Home Banking & Finance Fidelity sues former Scarsdale financial consultant

Fidelity sues former Scarsdale financial consultant

Fidelity Brokerage Services has sued a former financial consultant for allegedly taking trade secrets from the Scarsdale office to poach customers for a new employer.

Before Nicholas Ruiz left Fidelity in November he had access to exclusive information on 270 clients with more than $350 million in assets, according to the lawsuit filed on April 21 in federal court in White Plains. The lawsuit also names his new employer, Citigroup Global Markets.

Ruiz did not respond to a message left on a phone line listed to his Bronx address. A spokesman for Citigroup, Drew Benson, declined to comment.

Fidelity describes its confidential customer information as a crucial aspect of a “lead-based” system. Its financial consultants do not make cold calls to people with whom the company has no relationship. Instead, they are expected to develop relationships based on the leads the company provides.

Ruiz promised to use Fidelity trade secrets only on behalf of the company, when he was hired in October 2013, and to return all company property when he left and to not solicit any customers or prospects for a year after leaving.

Fidelity assigned Ruiz a list of clients who had at least $250,000 in assets, according to the lawsuit, and gave him access to their personal and financial information.

He resigned on Nov. 11, 2016, and submitted a letter to Scarsdale resident Manager Bob Dazi, pledging that he was not taking any client information.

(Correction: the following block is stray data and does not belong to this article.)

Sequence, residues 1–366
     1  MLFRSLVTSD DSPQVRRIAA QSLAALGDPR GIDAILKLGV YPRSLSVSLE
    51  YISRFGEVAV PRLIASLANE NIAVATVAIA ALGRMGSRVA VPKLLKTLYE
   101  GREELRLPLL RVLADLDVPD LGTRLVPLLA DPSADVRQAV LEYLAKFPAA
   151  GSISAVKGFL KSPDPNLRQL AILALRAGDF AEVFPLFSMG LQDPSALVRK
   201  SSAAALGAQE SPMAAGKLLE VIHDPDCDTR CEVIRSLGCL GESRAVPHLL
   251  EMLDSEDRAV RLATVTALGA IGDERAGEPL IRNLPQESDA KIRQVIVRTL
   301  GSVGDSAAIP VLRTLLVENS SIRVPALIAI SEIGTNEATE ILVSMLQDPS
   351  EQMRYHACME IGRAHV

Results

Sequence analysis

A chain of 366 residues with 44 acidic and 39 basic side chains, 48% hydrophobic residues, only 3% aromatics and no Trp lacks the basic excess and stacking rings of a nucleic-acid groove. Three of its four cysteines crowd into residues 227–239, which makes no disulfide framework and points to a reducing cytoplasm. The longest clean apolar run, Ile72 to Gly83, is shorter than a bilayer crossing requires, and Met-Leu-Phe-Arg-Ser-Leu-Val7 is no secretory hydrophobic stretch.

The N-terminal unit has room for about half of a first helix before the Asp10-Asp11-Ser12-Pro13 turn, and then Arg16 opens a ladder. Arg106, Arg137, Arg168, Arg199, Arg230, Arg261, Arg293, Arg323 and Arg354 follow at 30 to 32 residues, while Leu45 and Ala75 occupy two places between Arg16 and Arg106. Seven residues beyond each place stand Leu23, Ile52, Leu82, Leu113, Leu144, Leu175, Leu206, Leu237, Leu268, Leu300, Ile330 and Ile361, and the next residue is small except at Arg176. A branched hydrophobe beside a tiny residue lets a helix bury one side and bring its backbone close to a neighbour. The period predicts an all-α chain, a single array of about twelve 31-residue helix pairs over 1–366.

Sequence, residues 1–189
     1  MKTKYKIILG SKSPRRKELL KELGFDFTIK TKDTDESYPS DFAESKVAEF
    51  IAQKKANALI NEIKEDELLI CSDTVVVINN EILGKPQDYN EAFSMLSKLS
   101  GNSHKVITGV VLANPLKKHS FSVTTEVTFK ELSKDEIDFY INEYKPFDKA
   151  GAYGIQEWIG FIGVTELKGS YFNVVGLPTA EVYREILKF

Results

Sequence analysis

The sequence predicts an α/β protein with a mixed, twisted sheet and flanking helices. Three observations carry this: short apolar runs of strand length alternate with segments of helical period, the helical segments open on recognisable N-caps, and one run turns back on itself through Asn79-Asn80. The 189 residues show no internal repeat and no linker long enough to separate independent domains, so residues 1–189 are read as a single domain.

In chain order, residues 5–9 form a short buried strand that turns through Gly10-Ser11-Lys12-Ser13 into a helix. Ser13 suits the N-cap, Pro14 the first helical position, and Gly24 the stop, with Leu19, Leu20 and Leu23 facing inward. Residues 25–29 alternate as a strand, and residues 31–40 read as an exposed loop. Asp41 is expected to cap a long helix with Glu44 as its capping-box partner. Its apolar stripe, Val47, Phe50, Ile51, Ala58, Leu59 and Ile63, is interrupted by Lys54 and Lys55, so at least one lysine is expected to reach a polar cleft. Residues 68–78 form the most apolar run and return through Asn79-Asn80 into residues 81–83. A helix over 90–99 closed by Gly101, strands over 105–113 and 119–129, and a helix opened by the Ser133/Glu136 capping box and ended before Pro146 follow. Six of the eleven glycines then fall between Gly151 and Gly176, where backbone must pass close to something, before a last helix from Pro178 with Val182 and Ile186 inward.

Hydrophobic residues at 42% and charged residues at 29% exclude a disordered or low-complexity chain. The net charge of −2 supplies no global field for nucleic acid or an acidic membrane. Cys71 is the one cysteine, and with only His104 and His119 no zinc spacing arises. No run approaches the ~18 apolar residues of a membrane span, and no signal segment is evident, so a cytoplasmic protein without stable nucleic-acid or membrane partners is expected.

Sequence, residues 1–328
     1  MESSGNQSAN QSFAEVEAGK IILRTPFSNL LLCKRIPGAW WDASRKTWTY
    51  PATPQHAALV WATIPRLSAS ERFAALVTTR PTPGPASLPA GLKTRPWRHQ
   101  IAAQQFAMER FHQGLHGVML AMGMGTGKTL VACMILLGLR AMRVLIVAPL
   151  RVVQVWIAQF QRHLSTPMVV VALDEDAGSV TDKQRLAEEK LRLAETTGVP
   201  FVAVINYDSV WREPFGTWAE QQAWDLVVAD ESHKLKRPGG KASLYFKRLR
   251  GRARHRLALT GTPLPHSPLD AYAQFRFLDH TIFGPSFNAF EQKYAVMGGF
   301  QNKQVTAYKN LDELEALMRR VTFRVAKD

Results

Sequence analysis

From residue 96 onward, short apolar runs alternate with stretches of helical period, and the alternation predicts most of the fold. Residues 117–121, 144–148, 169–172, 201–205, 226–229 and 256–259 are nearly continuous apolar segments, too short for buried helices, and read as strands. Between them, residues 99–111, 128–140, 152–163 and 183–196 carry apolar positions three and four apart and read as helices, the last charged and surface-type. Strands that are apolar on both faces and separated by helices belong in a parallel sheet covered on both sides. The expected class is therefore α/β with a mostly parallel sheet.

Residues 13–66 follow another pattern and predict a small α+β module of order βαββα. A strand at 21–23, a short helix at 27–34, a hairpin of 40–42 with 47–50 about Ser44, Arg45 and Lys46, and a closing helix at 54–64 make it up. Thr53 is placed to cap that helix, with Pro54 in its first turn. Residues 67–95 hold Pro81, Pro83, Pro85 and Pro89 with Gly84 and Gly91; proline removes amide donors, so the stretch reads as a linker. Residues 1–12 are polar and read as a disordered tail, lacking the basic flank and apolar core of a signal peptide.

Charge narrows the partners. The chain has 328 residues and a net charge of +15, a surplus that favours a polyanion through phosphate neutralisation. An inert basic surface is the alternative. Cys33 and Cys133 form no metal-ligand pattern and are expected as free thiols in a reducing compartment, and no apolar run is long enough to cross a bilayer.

“I trust there should be no legal issues regarding my resignation,” he wrote.

He went to work for Citigroup in Norwalk, Connecticut, according to the Financial Industry Regulatory Authority.

Fidelity began hearing that Ruiz was contacting former customers.

One customer told Fidelity that Ruiz called him on his personal cellphone. He was concerned that Ruiz may have taken confidential information to a new firm, the lawsuit states, and felt that his privacy had been invaded.

Fidelity sent Ruiz and Citigroup a cease and desist letter.

“We have no information to support the notion that Mr. Ruiz has used Fidelity’s confidential customer information to solicit his former clients,” a Citigroup lawyer responded in January.

Ruiz deleted all Fidelity contract information from a personal electronic device before joining Citi, according to the letter.

“As you know,” the lawyer wrote, “it is not uncommon for former clients to proactively contact a broker at their new firm.”

In April, a former Ruiz client told Fidelity that he had tried to convince her to transfer her account to Citigroup.

Fidelity officials believe the only way Ruiz could have known how to contact former customers was by using Fidelity’s secret customer data.

Fidelity sued Ruiz for breach of contract and sued Ruiz and Citigroup for misappropriation of trade secrets and unfair competition.

It is asking the court to order Ruiz and Citigroup to stop using Fidelity information, return all records and stop soliciting Fidelity customers that Ruiz served or whose names he knew from working there.

Fidelity also wants the court to direct everyone to go to arbitration by the Financial Industry Regulatory Authority.

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